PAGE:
Lin Zheng, MD. Ph.D. , Grace Lee, Cooper Medical School of Rowan University, Moorestown, NJ

Meeting: Hospital Medicine 2019, March 24-27, National Harbor, Md.

Abstract number: 1089

Categories: Adult, Clinical Vignettes, Hospital Medicine 2019

Keywords: , ,

Case Presentation: A 52-year-old female presented with epigastric abdominal pain started two days ago. Her past medical history was significant for Hepatitis C. She denied a history of acute pancreatitis.
Her initial laboratory tests, including basic metabolic panel, complete blood counts, and liver function tests were all in normal range except for lactic acid of 4.1 mmol/L (Reference range: 0.7 to 2.1 mmol/L). Her lipase was 33 U/L (Unit/Liter) (Reference range: 23-300 U/L) and her amylase was 37 U/L (Reference range: 50-130 u/l).

A contrast-enhanced computerized tomogram of the abdomen suggested acute severe interstitial pancreatitis (Figure 1). Further tests, including lipid profiles, Ultrasound of the abdomen and MRCP, were nonsignificant. The IgG subclass 4 was 0.5 mg/dL (Reference range: 4.0-86.0 mg/dL) and her HIV screening was negative.

However, her lactate was persistently elevated. It was still at 6.4 mmol/L on the hospital day 7. Her renal and hepatic function remained normal. However, her lipase levels were below the normal range (Figure.2).

Repeat CT of the abdomen on the hospital day 7 revealed a new 7.7x 6.3x 6.7 cm complex collection in the subhepatic region compatible with an extrapancreatic acute necrotic collection (Figure 3).

She was hemodynamically stable and tolerating the diet very well. She was discharged home. A follow- up CT of the abdomen and pelvis showed a residual 2.1×1.9 cm complex fluid collection 5 months later.

Discussion: Our patient had severe acute pancreatitis with persistent organ dysfunction. Her lactate was persistently elevated, which indicated poor tissue perfusion and/or intravascular volume depletion. She was also found to have a large pseudocyst formation on the hospital day seven. However, throughout her hospital course, her serum amylase and lipase levels remained in the normal or low range. She presented early in her clinical courses (within the first 72 hours since symptoms started). Because abnormally elevated lipase persists for weeks, one can safely conclude the phase of disease course should not be the cause of her normal lipase on presentation.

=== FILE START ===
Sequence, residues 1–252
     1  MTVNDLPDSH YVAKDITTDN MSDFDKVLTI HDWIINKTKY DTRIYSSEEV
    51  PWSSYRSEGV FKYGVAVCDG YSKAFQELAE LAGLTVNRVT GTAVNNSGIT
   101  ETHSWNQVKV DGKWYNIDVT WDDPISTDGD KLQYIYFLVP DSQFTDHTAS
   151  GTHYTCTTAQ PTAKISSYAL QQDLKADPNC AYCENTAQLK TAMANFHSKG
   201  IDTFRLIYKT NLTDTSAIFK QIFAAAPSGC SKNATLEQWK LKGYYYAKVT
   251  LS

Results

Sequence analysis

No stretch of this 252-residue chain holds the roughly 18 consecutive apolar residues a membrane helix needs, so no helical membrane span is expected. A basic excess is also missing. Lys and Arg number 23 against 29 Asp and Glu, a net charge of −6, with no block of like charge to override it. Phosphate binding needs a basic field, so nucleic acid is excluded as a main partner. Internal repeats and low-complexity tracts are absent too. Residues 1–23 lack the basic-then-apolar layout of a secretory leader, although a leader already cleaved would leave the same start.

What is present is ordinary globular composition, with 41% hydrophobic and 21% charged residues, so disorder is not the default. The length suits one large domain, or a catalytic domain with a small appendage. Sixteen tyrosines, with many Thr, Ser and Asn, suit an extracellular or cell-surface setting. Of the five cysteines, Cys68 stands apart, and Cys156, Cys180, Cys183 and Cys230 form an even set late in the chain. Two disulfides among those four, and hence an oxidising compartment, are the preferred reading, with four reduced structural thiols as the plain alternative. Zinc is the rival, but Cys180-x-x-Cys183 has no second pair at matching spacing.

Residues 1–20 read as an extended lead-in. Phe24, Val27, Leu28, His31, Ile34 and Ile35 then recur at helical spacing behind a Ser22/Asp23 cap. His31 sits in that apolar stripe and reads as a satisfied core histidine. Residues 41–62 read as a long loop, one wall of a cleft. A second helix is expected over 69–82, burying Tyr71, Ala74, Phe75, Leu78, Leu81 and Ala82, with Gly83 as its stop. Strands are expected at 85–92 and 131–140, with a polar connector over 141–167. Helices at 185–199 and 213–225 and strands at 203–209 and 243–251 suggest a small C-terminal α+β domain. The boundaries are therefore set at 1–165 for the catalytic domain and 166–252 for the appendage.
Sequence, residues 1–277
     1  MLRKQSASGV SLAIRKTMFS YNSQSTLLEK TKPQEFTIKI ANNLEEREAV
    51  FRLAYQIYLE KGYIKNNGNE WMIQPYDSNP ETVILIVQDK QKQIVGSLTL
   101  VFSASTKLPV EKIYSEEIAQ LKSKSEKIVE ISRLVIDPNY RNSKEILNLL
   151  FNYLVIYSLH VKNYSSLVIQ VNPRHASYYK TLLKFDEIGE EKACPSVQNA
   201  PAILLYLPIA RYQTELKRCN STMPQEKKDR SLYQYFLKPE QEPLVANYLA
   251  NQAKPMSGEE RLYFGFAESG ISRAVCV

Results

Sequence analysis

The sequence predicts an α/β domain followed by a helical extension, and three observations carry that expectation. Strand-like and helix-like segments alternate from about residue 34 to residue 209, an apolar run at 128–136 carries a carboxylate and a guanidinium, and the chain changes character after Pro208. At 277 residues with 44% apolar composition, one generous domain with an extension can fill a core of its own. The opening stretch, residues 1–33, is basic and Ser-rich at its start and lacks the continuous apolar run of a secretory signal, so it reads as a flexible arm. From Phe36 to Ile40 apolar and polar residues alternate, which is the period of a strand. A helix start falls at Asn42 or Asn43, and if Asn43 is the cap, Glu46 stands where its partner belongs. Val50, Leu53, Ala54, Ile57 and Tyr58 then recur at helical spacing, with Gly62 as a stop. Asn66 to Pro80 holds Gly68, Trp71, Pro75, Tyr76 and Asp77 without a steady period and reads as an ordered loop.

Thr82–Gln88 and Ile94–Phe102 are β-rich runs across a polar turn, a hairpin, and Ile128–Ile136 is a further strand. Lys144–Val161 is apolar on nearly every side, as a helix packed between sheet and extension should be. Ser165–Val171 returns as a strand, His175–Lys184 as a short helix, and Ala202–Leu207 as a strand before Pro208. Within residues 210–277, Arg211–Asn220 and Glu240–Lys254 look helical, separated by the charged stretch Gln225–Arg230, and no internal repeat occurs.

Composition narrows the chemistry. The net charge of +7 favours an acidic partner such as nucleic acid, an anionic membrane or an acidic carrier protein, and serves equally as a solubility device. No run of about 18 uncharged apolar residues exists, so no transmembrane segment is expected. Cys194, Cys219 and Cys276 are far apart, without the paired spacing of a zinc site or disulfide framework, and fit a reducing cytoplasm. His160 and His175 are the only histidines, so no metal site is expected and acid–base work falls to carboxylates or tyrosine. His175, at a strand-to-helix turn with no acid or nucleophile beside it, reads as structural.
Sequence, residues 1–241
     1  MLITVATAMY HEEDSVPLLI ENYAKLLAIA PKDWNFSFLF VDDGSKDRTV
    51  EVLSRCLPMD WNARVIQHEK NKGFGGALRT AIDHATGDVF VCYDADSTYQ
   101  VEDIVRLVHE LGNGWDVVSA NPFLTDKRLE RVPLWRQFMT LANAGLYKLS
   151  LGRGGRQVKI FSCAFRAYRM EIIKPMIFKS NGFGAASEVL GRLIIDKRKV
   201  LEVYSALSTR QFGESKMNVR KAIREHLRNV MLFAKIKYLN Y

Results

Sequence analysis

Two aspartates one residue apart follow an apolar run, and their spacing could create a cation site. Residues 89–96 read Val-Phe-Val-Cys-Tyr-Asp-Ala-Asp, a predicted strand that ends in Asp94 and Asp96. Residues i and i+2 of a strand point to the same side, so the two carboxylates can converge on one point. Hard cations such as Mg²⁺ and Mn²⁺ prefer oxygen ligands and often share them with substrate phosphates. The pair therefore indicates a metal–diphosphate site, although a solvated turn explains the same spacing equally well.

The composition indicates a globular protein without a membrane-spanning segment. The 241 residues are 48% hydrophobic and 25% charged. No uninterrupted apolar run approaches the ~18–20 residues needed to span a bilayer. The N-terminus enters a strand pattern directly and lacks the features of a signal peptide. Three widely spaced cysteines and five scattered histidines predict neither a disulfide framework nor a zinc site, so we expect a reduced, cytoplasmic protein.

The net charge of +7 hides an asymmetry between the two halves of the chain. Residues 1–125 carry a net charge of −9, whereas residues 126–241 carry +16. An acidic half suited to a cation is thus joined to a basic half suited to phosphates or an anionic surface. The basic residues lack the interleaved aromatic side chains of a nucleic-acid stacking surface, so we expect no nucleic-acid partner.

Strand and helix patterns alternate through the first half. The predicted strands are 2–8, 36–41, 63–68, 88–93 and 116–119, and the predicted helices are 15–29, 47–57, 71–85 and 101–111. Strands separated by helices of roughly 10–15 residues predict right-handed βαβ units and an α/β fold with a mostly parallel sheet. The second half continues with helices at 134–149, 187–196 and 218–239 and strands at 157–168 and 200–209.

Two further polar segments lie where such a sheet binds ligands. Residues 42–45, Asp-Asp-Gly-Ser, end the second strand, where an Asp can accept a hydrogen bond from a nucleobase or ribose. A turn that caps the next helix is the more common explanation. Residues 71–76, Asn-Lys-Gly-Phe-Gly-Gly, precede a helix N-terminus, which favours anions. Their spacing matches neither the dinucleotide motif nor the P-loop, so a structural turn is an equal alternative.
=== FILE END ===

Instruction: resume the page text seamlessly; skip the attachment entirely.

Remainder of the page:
Acute pancreatitis with normal lipase is the rare entity. There are only a few case reports of such presentation. No plausible pathophysiology could explain this rare entity. However, acute pancreatitis could be the rare manifestation of pancreatic cancer (PC). In a nationwide, population-based, matched cohort study in Denmark, researchers found that within the first 2 years of follow-up, patients with acute pancreatitis had a nearly 20-fold increased risk for pancreatic cancer compared with the comparison population (adjusted hazard ratio, 19.5). Diffuse pancreatic inflammation might have masked the presence of an underlying lesion in the pancreas or a small-sized tumor may preclude an early diagnosis of cancer.

Recently, low serum lipase levels were identified as a significant and independent predictor for pancreatic cancer. At the advanced stage of pancreatic cancer, similar to the case of chronic pancreatitis, an organ insufficiency may predominate, resulting in a low production of pancreatic enzymes and low serum enzyme activities. Our patient had extreme low lipase of 10 U/L, which warrants a close follow up for pancreatic cancer.

Conclusions: With the high prevalence of acute pancreatitis, clinicians should stay alert for such diagnosis in appropriate clinical settings, even with normal serum amylase and lipase levels, and be diligent for possible underlying pancreatic cancer.



To cite this abstract:

Zheng, L; Lee, G. NORMAL LIPASE IN ACUTE PANCREATITIS, A CASE REPORT AND LITERATURE REVIEW. Abstract published at Hospital Medicine 2019, March 24-27, National Harbor, Md. Abstract 1089. Accessed May 24, 2019.

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